Corporate Spirit: Religion and the Rise of the Modern Corporation (Hardback)
  • Corporate Spirit: Religion and the Rise of the Modern Corporation (Hardback)
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Corporate Spirit: Religion and the Rise of the Modern Corporation (Hardback)

(author)
£25.49
Hardback 216 Pages / Published: 31/05/2018
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In this groundbreaking work, Amanda Porterfield explores the long intertwining of religion and commerce in the history of incorporation in the United States. Beginning with the antecedents of that history in western Europe, she focuses on organizations to show how corporate strategies in religion and commerce developed symbiotically, and how religion has influenced the corporate structuring and commercial orientation of American society. Porterfield begins her story in ancient Rome. She traces the development of corporate organization through medieval Europe and Elizabethan England and then to colonial North America, where organizational practices derived from religion infiltrated commerce, and commerce led to political independence. Left more to their own devices than under British law, religious groups in the United States experienced unprecedented autonomy that facilitated new forms of communal governance and new means of broadcasting their messages. As commercial enterprise expanded, religious organizations grew apace, helping many Americans absorb the shocks of economic turbulence, and promoting new conceptions of faith, spirit, and will power that contributed to business. Porterfield highlights the role that American religious institutions played a society increasingly dominated by commercial incorporation and free market ideologies. She also shows how charitable impulses long nurtured by religion continued to stimulate reform and demand for accountability.

Publisher: Oxford University Press Inc
ISBN: 9780199372652
Number of pages: 216
Weight: 432 g
Dimensions: 243 x 164 x 20 mm


MEDIA REVIEWS
Porterfield has produced a landmark work on the messy entanglement of Western Christianity and the corporate form. It raises important new questions, reveals new patterns of change and continuity, and should alter the ways we talk about religion and capitalism... Corporate Spirit demonstrates that marking corporations 'secular' and religion 'private' distorts more than it reveals. The book's institutional focus imposes a healthy concreteness on a field of inquiry that too often leans on metaphors. If this book gets the attention it deserves, historians of religion will be spending less time chasing what adherents felt and thought and believed, and more time in the corporate documents. * Timothy E W Gloege, Reading Religion *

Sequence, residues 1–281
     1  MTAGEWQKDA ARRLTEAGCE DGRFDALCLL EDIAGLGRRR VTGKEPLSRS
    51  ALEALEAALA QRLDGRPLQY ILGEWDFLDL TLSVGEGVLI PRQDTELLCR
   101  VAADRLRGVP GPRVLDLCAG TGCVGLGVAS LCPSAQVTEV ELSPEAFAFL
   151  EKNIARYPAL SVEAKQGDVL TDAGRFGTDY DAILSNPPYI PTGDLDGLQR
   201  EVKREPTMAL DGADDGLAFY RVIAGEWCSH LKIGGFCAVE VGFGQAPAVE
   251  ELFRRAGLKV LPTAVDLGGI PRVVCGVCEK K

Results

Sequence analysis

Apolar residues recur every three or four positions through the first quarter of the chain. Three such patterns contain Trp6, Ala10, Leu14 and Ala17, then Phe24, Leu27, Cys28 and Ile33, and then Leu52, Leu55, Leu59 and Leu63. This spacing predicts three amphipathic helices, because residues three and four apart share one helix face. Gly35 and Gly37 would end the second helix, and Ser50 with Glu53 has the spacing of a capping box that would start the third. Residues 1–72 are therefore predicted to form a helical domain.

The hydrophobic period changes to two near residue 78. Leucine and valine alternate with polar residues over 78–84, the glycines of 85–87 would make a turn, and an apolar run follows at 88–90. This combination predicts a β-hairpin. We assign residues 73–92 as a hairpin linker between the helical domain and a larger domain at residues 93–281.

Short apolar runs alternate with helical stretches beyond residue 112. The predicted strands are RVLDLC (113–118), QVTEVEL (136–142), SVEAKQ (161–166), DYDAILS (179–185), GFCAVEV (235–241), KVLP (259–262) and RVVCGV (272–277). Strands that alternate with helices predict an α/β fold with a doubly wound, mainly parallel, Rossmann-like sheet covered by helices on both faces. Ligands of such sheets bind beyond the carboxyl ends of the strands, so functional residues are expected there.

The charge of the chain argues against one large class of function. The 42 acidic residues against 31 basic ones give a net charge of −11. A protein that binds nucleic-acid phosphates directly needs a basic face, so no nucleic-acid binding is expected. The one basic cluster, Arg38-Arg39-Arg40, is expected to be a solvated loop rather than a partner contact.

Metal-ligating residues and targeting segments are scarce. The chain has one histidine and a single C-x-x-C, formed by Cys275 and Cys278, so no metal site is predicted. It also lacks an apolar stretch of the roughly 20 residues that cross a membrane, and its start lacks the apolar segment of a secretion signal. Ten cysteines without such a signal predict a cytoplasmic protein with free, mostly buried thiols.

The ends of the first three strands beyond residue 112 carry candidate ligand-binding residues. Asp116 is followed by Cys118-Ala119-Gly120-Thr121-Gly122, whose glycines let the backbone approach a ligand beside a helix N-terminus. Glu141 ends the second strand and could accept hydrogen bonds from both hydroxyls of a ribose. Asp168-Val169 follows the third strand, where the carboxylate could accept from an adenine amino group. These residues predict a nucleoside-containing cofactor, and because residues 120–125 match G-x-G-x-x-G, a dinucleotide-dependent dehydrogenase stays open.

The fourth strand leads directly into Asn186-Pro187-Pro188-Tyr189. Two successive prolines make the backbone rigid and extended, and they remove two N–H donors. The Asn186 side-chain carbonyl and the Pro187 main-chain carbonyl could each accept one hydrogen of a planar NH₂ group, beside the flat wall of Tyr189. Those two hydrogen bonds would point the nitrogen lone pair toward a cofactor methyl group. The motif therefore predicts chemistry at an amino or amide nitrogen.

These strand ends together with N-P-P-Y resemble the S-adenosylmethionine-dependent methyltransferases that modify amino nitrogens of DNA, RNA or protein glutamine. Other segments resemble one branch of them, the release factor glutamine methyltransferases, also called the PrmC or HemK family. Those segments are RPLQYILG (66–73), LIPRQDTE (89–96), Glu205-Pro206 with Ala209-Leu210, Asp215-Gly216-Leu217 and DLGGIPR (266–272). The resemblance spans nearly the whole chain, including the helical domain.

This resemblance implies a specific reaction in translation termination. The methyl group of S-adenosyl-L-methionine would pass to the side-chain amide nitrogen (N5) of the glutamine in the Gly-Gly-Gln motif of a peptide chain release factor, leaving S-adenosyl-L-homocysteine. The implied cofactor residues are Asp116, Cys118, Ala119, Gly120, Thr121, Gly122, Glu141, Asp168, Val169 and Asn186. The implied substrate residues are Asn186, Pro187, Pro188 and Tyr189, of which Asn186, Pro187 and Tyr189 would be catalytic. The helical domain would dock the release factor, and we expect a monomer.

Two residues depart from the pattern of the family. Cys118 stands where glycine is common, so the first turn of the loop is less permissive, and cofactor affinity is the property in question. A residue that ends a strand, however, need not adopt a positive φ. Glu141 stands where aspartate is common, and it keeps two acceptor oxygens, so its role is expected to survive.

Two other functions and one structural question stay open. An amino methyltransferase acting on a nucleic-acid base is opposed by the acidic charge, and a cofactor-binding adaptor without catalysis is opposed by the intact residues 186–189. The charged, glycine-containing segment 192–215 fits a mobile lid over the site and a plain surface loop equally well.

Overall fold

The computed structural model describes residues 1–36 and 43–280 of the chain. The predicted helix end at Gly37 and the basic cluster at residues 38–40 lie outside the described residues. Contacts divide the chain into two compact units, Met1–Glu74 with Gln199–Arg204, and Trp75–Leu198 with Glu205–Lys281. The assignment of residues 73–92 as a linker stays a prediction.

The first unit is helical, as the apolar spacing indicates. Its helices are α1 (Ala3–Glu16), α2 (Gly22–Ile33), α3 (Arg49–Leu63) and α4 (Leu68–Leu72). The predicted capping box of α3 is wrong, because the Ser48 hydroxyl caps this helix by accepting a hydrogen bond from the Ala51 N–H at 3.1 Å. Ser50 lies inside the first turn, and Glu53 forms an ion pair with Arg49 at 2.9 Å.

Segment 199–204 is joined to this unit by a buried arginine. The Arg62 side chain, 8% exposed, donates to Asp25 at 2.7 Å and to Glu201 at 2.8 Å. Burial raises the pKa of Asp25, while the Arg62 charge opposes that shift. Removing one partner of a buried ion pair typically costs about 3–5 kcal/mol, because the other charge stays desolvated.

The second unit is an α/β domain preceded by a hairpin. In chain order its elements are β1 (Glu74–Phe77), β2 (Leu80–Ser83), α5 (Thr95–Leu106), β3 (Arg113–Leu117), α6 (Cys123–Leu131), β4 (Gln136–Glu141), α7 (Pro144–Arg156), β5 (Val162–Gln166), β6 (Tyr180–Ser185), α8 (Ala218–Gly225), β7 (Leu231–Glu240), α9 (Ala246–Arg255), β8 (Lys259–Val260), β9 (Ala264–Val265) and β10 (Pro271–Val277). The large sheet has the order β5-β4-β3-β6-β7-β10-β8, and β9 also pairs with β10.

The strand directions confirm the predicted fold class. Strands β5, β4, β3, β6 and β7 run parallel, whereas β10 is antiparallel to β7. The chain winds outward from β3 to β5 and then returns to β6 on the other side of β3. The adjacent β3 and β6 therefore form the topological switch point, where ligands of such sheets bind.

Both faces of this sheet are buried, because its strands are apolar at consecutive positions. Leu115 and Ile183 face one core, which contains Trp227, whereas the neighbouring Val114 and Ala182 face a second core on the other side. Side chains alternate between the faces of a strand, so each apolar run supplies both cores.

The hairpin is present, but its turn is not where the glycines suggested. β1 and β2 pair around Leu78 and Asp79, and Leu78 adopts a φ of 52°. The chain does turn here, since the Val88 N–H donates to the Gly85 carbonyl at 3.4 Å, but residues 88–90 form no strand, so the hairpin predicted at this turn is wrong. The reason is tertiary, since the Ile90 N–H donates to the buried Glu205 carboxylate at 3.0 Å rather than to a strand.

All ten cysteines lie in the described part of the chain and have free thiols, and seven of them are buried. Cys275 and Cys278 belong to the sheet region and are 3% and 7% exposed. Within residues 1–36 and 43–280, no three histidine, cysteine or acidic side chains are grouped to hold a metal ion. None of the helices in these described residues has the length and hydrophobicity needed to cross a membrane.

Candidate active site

This learned and wide-ranging book on the varied and intimate connections between Christianity and American capitalism is absolutely fascinating. Amanda Porterfield chronicles their relationship from the Roman Empire to yesterday. In doing so, she has achieved an unusual combination of admirable traits: she is both original and judicious. * Daniel Walker Howe, Pulitzer Prize-winning author of What Hath God Wrought: The Transformation of America, 1815-1848 *
This fascinating new study explores the overlapping terrain of Christianity and contract law from Roman antiquity to the twenty-first century world of Enron and global corporations. In bringing together the Pauline idea of 'corporate membership' with the evolving world of corporate America it has no equal in breadth of scholarship, grace of style, or acuity of interpretation. Nothing less than a scholarly tour de force. * Harry S. Stout, author of American Aristocrats: A Family, a Fortune, and the Making of American Capitalism *
Amanda Porterfield's Corporate Spirit is not simply a description, or even a critique, of contemporary American capitalism; it is an exciting synthesis thinking about what makes for collective action and shared community, from the ancient world to the present. It is now essential reading for understanding Christian ethics, civil religion, and American exceptionalism. * G. Scott Davis, Booker Professor of Religion and Ethics, University of Richmond *

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